Rupert Bear by Alex Cubie
'Rupert and the Boffit'. Originally published in the Daily Express in September 1965, reprinted in color in the Rupert Annual 1978.

Alex Cubie was a Scottish animator, illustrator and comic artist. He was one of the main artists to draw Mary Tourtel's iconic 'Rupert Bear' newspaper strip during the 1960s and 1970s.

Early life and career
Alex Cubie was born in 1911 in Renfrew, Scotland, not far from the capital Glasgow. He started out drawing cartoons for the newspaper Glasgow Evening Citizen. In 1934, he moved to London, where he created cartoons for The Daily Sketch and The Leader. When World War Two broke out, Cubie was drafted in the British army in 1940. He originally worked as a fitter, before the army felt his artistic talent could be more useful in their design team, where he could draw lay-outs for tactical exercises. After the war, Cubie returned to Fleet Street, where he designed greeting cards.

Animation
In the late 1940s, Cubie made a move to animation. He joined the Rank film company in Cookham. Around the same time, one of Disney's animation directors, David Hand, was in England to help out the Gaumont Company with their own locally produced animated films. Cubie became part of Hand's Britain-based animation unit.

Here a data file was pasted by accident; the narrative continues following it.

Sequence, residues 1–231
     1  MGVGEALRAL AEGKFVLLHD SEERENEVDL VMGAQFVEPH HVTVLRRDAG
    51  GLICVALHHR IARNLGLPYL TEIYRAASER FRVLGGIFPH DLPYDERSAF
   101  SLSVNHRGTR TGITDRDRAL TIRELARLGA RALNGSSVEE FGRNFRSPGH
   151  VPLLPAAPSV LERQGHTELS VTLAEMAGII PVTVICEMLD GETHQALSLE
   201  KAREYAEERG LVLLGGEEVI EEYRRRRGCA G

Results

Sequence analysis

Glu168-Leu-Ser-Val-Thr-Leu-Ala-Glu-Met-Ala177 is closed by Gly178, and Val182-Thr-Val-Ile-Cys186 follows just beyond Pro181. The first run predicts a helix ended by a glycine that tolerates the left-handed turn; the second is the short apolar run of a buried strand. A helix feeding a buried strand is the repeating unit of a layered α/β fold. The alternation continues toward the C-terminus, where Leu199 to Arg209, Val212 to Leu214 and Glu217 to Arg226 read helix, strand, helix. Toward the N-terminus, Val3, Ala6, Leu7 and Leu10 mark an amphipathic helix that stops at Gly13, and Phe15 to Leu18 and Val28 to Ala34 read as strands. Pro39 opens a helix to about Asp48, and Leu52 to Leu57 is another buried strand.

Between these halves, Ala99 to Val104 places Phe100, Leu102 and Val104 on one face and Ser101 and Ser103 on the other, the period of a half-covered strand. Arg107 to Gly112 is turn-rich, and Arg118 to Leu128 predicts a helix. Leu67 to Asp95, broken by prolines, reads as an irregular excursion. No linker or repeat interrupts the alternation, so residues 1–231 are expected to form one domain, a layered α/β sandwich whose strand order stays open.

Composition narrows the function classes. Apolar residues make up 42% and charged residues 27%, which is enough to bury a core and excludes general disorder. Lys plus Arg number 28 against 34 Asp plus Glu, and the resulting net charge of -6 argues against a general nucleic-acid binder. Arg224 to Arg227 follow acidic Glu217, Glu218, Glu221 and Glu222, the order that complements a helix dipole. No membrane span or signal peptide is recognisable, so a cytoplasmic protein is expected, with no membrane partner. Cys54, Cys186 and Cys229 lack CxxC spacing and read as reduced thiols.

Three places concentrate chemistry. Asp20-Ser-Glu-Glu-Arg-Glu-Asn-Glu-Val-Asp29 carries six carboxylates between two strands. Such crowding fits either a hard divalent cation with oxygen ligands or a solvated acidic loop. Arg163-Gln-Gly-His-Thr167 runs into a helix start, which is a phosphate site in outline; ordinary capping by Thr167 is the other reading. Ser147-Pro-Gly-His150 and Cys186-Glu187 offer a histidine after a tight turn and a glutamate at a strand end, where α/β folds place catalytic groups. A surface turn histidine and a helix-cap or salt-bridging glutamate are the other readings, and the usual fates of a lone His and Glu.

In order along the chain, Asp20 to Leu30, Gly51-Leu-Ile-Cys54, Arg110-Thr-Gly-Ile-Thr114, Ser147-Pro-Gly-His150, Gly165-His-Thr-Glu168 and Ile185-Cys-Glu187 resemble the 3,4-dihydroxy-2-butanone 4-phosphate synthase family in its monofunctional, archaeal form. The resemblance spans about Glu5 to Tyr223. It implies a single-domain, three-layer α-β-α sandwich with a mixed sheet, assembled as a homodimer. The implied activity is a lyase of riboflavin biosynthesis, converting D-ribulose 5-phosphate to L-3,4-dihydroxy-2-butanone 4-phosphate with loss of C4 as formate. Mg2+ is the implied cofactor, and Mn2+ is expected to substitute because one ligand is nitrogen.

Rupert by Alex Cubie
'Rupert and the Penguins' (reprint from Rupert Annual 1979).

Rupert
In 1951 Cubie became a staff illustrator and cartoonist for the Daily Express. Between 1952 and 1962, he was an illustrator for the quarterly 'Rupert Adventure Series' books, in alternation with Enid Ash. The heads of Rupert and his friends were sometimes filled in by Alfred Bestall, who drew the regular stories in the newspaper. By 1965 Cubie was asked to draw Rupert's adventures in the newspapers as well. Bestall was no longer able to continue the series and retired (although he continued to provide artwork to the annuals for years to come). Cubie drew 68 adventures with the little white bear until 1979, with Freddie Chaplain providing the stories. Cubie had a more cartoony approach than Bestall and applied thicker black outlines around the characters. Apart from the daily comic, Cubie also drew puzzle pages for the annual 'Rupert' books. Between 1974 and 1977 he also drew the covers of the Rupert Annuals. Cubie produced most stories in the post-Bestall period, but he alternated on drawing stories with Jenny Kisler, with sporadic interludes by Enid Ash and Wendy Arnot. Lucy Matthews and John Harrold regularly illustrated stories from 1976 onwards, until Harrold was appointed the full-time 'Rupert' artist in 1985. Alex Cubie passed away in 1995.

Rupert the Bear by Alex Cubie

www.rupertbear.co.uk

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